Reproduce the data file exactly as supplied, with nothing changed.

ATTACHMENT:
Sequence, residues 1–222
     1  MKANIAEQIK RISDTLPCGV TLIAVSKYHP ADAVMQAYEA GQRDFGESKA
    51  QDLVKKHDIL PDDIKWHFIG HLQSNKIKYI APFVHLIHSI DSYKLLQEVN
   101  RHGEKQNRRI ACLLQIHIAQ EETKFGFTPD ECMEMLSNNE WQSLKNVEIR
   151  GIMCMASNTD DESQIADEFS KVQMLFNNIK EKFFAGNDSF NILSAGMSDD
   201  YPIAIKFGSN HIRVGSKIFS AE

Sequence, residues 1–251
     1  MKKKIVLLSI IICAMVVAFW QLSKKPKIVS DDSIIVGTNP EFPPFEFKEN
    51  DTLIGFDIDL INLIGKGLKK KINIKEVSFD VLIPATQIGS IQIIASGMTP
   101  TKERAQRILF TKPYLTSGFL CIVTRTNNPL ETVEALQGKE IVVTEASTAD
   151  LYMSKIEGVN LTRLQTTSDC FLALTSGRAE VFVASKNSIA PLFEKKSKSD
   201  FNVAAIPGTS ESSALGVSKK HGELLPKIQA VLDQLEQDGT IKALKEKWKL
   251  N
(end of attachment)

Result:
Sequence, residues 1–222
     1  MKANIAEQIK RISDTLPCGV TLIAVSKYHP ADAVMQAYEA GQRDFGESKA
    51  QDLVKKHDIL PDDIKWHFIG HLQSNKIKYI APFVHLIHSI DSYKLLQEVN
   101  RHGEKQNRRI ACLLQIHIAQ EETKFGFTPD ECMEMLSNNE WQSLKNVEIR
   151  GIMCMASNTD DESQIADEFS KVQMLFNNIK EKFFAGNDSF NILSAGMSDD
   201  YPIAIKFGSN HIRVGSKIFS AE

Sequence, residues 1–251
     1  MKKKIVLLSI IICAMVVAFW QLSKKPKIVS DDSIIVGTNP EFPPFEFKEN
    51  DTLIGFDIDL INLIGKGLKK KINIKEVSFD VLIPATQIGS IQIIASGMTP
   101  TKERAQRILF TKPYLTSGFL CIVTRTNNPL ETVEALQGKE IVVTEASTAD
   151  LYMSKIEGVN LTRLQTTSDC FLALTSGRAE VFVASKNSIA PLFEKKSKSD
   201  FNVAAIPGTS ESSALGVSKK HGELLPKIQA VLDQLEQDGT IKALKEKWKL
   251  N